Edward Young, headteacher from 1968-89, also received a written warning from Neil Galbraith, now Scotland's longest-serving director of education. It alleged five grounds of mismanagement, including unauthorised contact with the media.
A council subcommittee, in a 10-hour sitting, upheld three of the five charges. The incident highlighted the claim and counter-claim which HMI now says has led to "a climate of distrust and suspicion". The school alleged excessive interference and Mr Galbraith complained that the Nicolson was a law unto itself. Timetabling and staffing were running sores.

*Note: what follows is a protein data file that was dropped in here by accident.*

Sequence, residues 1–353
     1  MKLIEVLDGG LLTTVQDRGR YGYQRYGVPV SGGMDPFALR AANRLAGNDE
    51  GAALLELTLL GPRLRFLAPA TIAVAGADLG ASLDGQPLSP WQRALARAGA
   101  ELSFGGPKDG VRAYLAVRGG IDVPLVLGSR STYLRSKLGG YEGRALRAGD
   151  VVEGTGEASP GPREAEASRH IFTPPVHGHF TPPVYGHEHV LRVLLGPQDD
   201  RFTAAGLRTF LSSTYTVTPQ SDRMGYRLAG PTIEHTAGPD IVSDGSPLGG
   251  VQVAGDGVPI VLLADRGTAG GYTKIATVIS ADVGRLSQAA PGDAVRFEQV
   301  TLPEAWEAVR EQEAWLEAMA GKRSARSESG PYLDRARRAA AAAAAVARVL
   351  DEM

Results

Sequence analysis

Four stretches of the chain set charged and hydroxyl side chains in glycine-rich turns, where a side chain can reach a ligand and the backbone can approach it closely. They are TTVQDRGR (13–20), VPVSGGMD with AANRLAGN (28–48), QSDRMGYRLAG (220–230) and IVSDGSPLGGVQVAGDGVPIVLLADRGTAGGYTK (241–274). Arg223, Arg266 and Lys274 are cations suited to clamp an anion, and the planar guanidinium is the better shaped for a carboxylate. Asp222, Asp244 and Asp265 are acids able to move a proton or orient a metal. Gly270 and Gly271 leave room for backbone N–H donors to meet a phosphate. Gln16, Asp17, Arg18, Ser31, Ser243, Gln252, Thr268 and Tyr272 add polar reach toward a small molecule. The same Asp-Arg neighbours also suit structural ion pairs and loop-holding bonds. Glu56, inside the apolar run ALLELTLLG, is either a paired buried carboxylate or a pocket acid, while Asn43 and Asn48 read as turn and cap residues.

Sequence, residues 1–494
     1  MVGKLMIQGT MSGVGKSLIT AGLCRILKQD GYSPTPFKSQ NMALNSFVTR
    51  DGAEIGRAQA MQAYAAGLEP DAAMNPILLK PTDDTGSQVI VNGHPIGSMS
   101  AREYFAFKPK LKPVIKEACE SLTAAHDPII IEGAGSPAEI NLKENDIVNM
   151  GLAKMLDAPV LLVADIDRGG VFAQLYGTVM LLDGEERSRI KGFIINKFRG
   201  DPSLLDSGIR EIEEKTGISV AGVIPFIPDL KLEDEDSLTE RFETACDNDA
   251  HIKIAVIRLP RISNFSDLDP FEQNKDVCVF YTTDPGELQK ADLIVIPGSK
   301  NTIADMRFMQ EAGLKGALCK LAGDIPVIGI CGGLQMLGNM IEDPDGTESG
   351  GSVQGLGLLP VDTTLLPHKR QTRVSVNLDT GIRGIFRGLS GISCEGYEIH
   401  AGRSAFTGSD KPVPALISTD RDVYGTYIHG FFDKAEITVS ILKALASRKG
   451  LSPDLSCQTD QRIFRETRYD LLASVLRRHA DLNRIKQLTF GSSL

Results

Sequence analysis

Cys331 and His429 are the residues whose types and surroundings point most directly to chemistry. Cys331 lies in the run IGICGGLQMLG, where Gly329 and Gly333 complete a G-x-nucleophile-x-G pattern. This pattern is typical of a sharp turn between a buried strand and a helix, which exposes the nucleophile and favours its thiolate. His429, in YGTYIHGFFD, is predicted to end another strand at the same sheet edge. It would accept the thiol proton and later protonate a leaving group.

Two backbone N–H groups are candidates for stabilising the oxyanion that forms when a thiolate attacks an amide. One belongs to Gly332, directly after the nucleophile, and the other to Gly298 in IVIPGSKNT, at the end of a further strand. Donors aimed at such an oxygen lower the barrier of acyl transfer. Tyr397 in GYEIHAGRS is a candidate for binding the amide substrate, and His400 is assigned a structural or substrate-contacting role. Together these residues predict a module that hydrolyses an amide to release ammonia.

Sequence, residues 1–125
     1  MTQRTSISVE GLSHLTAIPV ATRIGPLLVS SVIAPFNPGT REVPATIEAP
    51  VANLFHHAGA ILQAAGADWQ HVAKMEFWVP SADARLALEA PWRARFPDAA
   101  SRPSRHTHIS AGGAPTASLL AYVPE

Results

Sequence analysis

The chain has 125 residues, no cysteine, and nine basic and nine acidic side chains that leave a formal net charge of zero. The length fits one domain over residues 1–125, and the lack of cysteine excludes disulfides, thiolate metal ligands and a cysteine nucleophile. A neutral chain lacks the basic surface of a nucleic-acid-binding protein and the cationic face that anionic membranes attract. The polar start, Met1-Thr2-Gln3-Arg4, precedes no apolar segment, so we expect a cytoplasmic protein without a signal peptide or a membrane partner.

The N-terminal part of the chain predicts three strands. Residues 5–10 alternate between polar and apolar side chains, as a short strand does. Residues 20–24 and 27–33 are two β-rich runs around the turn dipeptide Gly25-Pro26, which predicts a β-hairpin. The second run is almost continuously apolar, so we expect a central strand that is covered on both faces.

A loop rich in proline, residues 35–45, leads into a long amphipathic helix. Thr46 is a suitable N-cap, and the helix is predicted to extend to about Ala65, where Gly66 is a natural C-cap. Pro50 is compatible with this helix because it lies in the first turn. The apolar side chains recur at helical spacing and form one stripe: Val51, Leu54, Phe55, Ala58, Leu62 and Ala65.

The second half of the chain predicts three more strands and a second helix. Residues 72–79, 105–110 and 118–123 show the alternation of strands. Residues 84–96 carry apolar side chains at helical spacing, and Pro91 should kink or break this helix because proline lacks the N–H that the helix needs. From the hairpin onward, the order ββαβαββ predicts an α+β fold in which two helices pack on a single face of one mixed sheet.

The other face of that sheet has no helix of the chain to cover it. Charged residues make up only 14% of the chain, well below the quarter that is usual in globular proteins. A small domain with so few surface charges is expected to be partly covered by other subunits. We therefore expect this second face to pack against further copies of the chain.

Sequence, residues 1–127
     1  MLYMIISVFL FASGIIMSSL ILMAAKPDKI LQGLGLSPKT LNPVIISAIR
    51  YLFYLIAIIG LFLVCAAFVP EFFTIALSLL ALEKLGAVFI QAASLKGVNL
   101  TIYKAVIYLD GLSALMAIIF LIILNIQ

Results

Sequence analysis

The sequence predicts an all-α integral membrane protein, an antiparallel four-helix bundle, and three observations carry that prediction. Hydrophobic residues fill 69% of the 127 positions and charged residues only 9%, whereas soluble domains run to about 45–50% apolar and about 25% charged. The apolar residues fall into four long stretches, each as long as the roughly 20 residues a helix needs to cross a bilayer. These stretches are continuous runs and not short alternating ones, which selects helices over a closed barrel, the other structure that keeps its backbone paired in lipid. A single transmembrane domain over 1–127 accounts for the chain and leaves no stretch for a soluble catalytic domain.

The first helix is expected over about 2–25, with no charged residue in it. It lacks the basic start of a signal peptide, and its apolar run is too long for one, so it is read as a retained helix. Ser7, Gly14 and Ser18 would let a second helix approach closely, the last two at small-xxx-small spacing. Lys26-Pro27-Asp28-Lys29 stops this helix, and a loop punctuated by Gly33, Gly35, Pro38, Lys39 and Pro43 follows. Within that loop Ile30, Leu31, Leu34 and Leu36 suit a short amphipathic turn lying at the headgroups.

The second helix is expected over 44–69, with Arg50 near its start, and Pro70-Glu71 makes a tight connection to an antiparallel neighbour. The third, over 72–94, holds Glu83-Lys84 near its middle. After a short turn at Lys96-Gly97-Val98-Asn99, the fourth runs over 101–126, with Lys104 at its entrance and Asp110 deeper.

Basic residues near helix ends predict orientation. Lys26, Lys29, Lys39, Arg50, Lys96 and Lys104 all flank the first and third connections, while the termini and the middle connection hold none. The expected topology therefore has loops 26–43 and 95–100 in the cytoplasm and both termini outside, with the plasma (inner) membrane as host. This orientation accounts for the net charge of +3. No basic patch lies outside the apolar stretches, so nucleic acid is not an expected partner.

The row eventually boiled over into a special meeting of the Western Isles Council, in an attempt to restore confidence in the school. Remarkably, councillors refused by 18 votes to nine to pass a motion of confidence in the Nicolson's management and staff.
In a broadside a couple of years later Allan Whiteford, the influential retiring depute and a vociferous critic of Mr Galbraith, proclaimed the Western Isles "an educational disaster area". Just five people had applied for the headship of what was then the council's only six-year secondary. Mr Macdonald got the job.
An Inspectorate report in September 1988 urged Mr Young to become a more "interventionist" rector. With heavy irony, Mr Galbraith promised to encourage him.